The process of directing and managing project work involves leading and performing the work that was identified in the project plan in order to achieve the project’s objectives. Directing and managing the project work includes training the team members and implementing the planned work methodologies and standards. Much of the process revolves around strong leadership by the project manager.

For example, one of the important responsibilities of a project leader is to develop and lead the team members in professional activities to complete the deliverables of the project.   Project leaders must be effective at both team-building and conflict management skills in order to effectively manage a project team.

Necessary Interpersonal Skills

Interpersonal skills, such as communication, team-building, consensus-building, and conflict resolution are necessary for the project manager to successfully lead the project. Flexibility and adaptability are also essential skills for managing all the different types of personalities a project manager will encounter.

Team-Building

Team-building refers to the environment in which the team operates most effectively. It is a general feeling among the team members that they are all working to solve the same problem, to deliver the same results, and that all members are committed to a common approach. Creating team agreement of the project’s charter is one of the first essential steps to building an effective team.

What is Consensus Among a Team?

Consensus is buy-in and agreement of the project’s objective, approach, timeline, and budget. Consensus is much more than team members nodding their heads in agreement and requires a commitment to accomplish the work of the project regardless of any differences in approach to problem-solving. Consensus means that everyone on the team will be actively engaged and sincerely committed to the project’s objectives.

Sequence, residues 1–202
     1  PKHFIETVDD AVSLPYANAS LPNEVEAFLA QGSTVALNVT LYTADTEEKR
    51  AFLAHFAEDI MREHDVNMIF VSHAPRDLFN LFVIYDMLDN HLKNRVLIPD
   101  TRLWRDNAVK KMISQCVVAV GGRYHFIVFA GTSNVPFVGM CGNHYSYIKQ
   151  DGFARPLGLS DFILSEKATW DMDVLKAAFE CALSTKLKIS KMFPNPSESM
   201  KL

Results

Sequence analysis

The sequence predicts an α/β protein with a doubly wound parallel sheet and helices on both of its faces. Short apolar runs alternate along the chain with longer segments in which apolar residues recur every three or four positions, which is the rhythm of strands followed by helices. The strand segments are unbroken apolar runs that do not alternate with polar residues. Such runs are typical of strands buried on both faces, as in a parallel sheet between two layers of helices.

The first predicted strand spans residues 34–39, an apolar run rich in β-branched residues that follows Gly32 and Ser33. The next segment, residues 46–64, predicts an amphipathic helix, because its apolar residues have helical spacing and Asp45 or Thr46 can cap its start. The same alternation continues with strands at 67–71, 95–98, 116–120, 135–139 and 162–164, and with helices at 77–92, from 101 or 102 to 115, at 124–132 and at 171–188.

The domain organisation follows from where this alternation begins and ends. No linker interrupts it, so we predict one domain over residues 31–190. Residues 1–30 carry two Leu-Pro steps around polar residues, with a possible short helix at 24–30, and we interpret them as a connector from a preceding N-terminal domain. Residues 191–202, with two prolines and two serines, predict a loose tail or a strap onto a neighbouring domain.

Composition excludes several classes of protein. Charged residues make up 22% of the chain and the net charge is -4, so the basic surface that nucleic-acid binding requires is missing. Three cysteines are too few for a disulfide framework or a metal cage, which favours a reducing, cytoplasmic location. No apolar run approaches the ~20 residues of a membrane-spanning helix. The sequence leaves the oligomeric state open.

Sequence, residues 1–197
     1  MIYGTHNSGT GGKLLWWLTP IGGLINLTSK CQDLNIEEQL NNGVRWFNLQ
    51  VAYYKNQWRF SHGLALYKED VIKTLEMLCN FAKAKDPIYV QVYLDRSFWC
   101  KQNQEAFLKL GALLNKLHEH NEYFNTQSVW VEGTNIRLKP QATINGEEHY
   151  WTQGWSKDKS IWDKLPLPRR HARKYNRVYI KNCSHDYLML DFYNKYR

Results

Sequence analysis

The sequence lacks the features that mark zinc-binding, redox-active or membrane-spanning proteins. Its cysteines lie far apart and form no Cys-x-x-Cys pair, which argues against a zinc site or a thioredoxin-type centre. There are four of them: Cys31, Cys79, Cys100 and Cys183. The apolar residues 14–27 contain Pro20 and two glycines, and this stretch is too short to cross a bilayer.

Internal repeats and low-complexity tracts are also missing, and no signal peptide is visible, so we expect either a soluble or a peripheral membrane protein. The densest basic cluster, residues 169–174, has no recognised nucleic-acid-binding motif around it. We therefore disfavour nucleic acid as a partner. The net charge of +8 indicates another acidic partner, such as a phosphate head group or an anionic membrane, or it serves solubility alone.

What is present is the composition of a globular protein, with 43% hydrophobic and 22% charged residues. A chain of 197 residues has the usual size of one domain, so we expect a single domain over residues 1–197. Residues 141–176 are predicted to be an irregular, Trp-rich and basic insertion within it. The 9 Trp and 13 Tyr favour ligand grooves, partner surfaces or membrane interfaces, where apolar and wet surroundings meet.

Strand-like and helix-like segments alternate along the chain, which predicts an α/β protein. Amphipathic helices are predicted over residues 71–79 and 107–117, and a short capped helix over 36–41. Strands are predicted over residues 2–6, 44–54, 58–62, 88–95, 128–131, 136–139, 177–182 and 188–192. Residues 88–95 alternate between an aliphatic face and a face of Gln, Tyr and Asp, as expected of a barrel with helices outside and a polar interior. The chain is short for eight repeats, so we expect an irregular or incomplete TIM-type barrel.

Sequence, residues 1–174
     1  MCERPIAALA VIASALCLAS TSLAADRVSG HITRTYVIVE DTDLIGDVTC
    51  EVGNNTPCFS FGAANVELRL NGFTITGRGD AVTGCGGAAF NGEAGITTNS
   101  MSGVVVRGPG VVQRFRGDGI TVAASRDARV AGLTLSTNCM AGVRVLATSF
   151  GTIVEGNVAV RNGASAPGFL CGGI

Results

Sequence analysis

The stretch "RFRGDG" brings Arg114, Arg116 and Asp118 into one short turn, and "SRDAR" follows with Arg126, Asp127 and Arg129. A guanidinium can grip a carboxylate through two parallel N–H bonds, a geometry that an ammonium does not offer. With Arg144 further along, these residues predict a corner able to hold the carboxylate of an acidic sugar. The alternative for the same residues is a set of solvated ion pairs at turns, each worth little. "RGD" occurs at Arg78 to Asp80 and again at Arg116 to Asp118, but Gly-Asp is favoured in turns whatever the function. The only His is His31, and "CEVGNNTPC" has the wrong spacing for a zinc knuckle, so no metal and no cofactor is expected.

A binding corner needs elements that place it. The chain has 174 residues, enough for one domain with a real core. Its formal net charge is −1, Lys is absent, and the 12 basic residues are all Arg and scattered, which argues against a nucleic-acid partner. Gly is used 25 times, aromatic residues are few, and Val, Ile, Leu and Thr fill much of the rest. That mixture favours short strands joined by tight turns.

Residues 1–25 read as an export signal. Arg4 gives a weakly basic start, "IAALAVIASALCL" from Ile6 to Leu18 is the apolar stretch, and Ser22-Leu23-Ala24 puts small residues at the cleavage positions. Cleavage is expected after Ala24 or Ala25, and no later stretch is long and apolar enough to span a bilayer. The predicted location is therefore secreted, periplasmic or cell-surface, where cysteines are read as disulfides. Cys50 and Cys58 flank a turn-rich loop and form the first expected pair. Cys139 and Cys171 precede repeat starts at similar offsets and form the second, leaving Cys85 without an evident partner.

Why is Consensus Needed?

Some managers believe that consensus is nice to have and that people will participate in the project and do what they’re supposed to do because that is their job. While this is true to some degree as most professionals will do the work they are assigned, the project will go much more smoothly when the team members are fully engaged. If the project manager lacks consensus on the project’s parameters, s/he will find many challenges to completing the project. It can be difficult, if not impossible, to get sign-off, complete tasks, manage scope, and make forward progress when the team members are not in agreement to the expected outcome of the project. Resistance to the project by team members — both stated and unstated — can be extremely challenging to acknowledge and overcome for success.

With consensus, on the other hand, the quality of the work will be better, the analysis of the solution will be deeper, and the involvement and interaction of the team members will be more enjoyable.

How is Consensus Built?

Building consensus, just as a team is built, is normally an iterative process including top-down and bottom-up steps. A project manager can improve the chances of success by gaining consensus on the project charter, the project schedule, team assignments, communication plans, and the specific project deliverables. The project leader should seek consensus from everyone — from the project sponsors, customers, and clients to each and every team member who will work on the project. Successful projects are built from developing and sharing a clearly defined project charter, defined requirements of the team, and a detailed project plan. The more the team members feel informed and comfortable with their assignments, the faster consensus will build among them.